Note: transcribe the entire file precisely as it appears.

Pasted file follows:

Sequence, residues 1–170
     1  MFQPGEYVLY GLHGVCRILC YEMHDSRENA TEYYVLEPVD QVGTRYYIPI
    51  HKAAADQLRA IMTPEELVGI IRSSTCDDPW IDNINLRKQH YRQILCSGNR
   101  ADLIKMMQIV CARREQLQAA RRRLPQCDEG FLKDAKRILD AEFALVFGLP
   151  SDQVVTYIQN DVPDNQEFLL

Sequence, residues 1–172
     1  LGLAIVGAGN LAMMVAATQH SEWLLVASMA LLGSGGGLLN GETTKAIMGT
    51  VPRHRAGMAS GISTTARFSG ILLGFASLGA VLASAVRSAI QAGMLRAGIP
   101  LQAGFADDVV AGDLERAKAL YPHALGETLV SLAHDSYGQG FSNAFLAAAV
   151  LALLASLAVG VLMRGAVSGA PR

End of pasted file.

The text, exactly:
Sequence, residues 1–170
     1  MFQPGEYVLY GLHGVCRILC YEMHDSRENA TEYYVLEPVD QVGTRYYIPI
    51  HKAAADQLRA IMTPEELVGI IRSSTCDDPW IDNINLRKQH YRQILCSGNR
   101  ADLIKMMQIV CARREQLQAA RRRLPQCDEG FLKDAKRILD AEFALVFGLP
   151  SDQVVTYIQN DVPDNQEFLL

Sequence, residues 1–172
     1  LGLAIVGAGN LAMMVAATQH SEWLLVASMA LLGSGGGLLN GETTKAIMGT
    51  VPRHRAGMAS GISTTARFSG ILLGFASLGA VLASAVRSAI QAGMLRAGIP
   101  LQAGFADDVV AGDLERAKAL YPHALGETLV SLAHDSYGQG FSNAFLAAAV
   151  LALLASLAVG VLMRGAVSGA PR